Moon Tooth Shows Its Versatility On New Acoustic EP

Moon Tooth was never your typical metal band.  They always crafted interesting and authentic songs layered with alt, rock, folk and ambient vibes. The bones of the band, guitarist Nick Lee and drummer Ray Marte were just two young metalheads at the same Middle School and immediately came together to brew a sound that would later become the full lineup of Moon Tooth, but they didn’t want to confine themselves to just metal. 

Joining later was bassist Vincent Romanelli and vocalist John Carbone, who didn’t necessarily get as much immersion in metal like Lee and Marte.  Carbone was more influenced by R&B, which lent to their versatility as a band and on their upcoming EP, Violent Grief: Acoustic Selections, out July 31 via Pure Noise Records. 

The 5-song EP includes 4 new renditions of tracks from their 2019 full-length Crux, plus one new song, “Six of Swords.” In Moon Tooth style, they took some of their heaviest songs off Crux, like “Trust” and “Awe At All Angles,” and reconceptualized them acoustically, into intricate, finger-plucked songs. 

“We thought it was an interesting chance to showcase some different strengths and challenge ourselves to rearrange things and make different versions to keep things exciting,” Carbone told American Songwriter. “And I have a feeling we’re going to get this a lot, but my mother who I was talking to the other day said ‘I heard that song, that acoustic song you did. It sounds so nice. You, I couldn’t believe how nice it sounds.’ And I was like ‘you’re saying that, cause it’s not heavy and loud.”’

As the acoustic tracks seem mom-approved and offer something more low-key and wide-ranging for Moon Tooth, they still presented their own challenges, even stripped-down.  Transcribing things on the heavier songs especially, was difficult when it came to figuring out how to make the songs work that were originally written in different tunings that maybe didn’t exactly work well on an acoustic. 

“The two songs ‘Through Ash’ and ‘Motionless in Sky’ definitely have more of a folk feel as far as the guitar playing goes and was easily lendable to an acoustic guitar.” Lee said. “The other two songs had to be adapted. ‘Awe At All Angles’ was fairly straightforward, but ‘Trust’ was kind of a big one where I got rid of the really low tuning on the guitar so it could work on acoustic. We changed the key and basically re-wrote it.”

The new track, “Six of Swords”, was written prior to the pandemic and quarantine and before Moon Tooth ever landed on the idea of revamping songs for an acoustic EP, but it was a natural selection for the track list.  “Six of Swords” was demoed initially with just guitar and vocals and had a very repetitive structure across the verses, so it was easily suited for acoustic. 

“Musically, it’s just more drone, finger picky and trippy,” Lee said. “I like trying to write more almost meditation music, where you can really get lost in the minimalist sort of repetitiveness of it.  Only a few notes change from part to part.”

“Lyrically it has to do with a kind of devastating breakup that happened,” Carbone added. “And we took the line, ‘violent grief’ from the song as the title because there were these interchangeable ideas about grief and loss. And I had a day where I was at my wit’s end. And every now and again, I’ll flip a tarot card over and just kind of see what it says and see if there’s anything that triggers in my brain or any life lessons I can apply to myself. And it happened to be the six of swords. I looked at the meaning and it’s all about the idea of leaving trauma behind and moving forward and it spoke to everything the song was kind of about.”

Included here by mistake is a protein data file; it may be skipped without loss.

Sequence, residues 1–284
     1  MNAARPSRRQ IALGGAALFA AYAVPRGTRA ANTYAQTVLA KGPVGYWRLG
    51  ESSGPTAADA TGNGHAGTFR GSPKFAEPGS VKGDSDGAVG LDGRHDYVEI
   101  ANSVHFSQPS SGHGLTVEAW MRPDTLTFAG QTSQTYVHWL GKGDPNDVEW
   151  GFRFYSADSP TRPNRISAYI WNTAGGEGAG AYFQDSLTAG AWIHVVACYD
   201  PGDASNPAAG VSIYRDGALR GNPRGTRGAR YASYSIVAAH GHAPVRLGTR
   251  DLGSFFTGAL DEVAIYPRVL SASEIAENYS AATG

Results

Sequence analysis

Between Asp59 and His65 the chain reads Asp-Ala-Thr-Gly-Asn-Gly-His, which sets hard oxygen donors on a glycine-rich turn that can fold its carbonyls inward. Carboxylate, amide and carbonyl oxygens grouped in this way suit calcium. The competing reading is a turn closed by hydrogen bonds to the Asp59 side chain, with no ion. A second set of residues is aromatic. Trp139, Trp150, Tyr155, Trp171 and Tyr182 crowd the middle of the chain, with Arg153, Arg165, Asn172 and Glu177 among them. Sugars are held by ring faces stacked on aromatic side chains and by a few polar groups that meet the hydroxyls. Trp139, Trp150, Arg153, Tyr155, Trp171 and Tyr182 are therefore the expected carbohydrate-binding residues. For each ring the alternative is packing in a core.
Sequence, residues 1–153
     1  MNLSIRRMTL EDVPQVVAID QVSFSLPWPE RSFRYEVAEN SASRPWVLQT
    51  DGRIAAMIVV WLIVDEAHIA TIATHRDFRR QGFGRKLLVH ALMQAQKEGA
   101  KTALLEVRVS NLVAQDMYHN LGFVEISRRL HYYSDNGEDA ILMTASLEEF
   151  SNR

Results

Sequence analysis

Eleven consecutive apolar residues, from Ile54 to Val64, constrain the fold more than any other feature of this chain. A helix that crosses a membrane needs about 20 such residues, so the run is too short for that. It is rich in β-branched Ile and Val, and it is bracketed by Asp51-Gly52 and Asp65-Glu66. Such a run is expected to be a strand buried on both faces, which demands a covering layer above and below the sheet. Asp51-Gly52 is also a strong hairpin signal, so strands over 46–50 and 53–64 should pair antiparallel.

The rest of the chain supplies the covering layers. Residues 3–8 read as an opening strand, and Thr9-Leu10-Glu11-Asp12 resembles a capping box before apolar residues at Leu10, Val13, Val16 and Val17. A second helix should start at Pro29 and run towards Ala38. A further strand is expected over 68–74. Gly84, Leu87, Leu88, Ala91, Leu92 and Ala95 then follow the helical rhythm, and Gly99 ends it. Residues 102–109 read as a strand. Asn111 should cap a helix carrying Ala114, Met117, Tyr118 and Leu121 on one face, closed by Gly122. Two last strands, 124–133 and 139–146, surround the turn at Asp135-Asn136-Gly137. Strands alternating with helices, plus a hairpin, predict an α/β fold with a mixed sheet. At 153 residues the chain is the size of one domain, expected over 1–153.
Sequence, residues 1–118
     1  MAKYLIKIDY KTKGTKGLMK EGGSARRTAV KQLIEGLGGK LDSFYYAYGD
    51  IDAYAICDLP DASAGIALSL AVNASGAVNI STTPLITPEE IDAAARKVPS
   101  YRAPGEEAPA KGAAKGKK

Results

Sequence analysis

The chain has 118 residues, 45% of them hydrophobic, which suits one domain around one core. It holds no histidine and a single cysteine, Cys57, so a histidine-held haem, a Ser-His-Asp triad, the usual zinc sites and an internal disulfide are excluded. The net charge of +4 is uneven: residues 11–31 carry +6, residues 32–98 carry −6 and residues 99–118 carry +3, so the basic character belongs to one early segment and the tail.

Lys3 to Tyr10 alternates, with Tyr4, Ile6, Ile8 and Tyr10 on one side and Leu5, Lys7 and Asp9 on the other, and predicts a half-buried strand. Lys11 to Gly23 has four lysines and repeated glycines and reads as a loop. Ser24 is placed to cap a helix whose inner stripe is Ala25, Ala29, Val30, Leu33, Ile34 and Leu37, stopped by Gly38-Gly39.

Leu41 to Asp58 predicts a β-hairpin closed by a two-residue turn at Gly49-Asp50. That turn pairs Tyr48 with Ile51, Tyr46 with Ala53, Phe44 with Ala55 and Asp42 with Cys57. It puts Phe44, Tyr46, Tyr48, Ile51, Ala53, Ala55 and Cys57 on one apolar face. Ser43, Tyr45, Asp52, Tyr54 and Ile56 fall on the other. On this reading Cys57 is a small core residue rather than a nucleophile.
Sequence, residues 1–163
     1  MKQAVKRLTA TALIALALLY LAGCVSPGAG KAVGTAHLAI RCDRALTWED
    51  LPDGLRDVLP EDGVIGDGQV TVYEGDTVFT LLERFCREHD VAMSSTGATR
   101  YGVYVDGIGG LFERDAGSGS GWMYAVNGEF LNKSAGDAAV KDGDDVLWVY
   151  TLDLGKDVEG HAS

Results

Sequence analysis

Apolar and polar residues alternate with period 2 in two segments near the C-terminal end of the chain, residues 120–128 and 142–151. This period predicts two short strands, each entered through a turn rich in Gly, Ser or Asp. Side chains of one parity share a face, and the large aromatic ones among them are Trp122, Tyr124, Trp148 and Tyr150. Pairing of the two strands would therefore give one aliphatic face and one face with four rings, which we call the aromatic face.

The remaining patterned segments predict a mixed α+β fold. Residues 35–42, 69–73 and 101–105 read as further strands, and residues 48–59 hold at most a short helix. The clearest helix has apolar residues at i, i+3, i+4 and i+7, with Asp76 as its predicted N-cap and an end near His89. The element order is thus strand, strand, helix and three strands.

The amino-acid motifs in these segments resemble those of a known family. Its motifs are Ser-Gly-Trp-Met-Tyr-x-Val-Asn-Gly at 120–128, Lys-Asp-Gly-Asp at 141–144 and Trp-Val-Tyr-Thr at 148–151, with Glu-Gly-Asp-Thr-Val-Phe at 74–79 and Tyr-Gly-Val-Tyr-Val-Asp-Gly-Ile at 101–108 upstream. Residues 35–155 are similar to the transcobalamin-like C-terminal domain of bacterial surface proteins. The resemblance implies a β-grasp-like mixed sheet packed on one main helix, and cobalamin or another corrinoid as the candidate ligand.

Moon Tooth uses a shared approach in all of their songs and they consider everyone a co-writer.  And usually it all starts off with an idea thrown into Google Drive by someone and then expanded from there.  “It’s almost like if we were going to build a table and everybody happens to have one piece of the table, like, I got a leg, I got a platform, I got a drawer,” Carbone chuckled. “We all kind of come together and build it.”

Marte who also owns Westfall Recording Company in Long Island has also held a crucial role in getting the band’s music out there and filling in the spot as producer while also flip-flopping as drummer.   

“I don’t think we would be talking to you right now if Ray wasn’t a producer,” Carbone said. “We’d probably be a few years behind from where we are now. Ray just does an amazing job of bouncing back and forth between a player and an unbiased producer and the music has really benefited from his ability to do that.”

The EP, was originally intended as an experimental fun project to promote Moon Tooth’s U.S. tour with Australian band Caligula’s Horse, which was cancelled due to the pandemic. And instead of serving as a promotion tool, the EP developed into a kind of fulfillment for Moon Tooth amid a crazy year for the world. But a year where Moon Tooth is able to stay busy during quarantine at Marte’s studio as they prepare ideas for livestreams and the next album which they have over 30 ideas in the barrel for and don’t have to question where they will record at. 

“Everything that we do tends to push us as musicians and as people, to dig a little deeper. The EP definitely did that,” Lee said.  “It ended up being a much more fulfilling than just a fun way to kind of fill in this album cycle until we are ready to record the next full length. It was so much more gratifying than that.”

Check out the new EP Violent Grief: Acoustic Selections today, available on all digital platforms and definitely peep some of Moon Tooth’s other heavier stuff on their webpage here.

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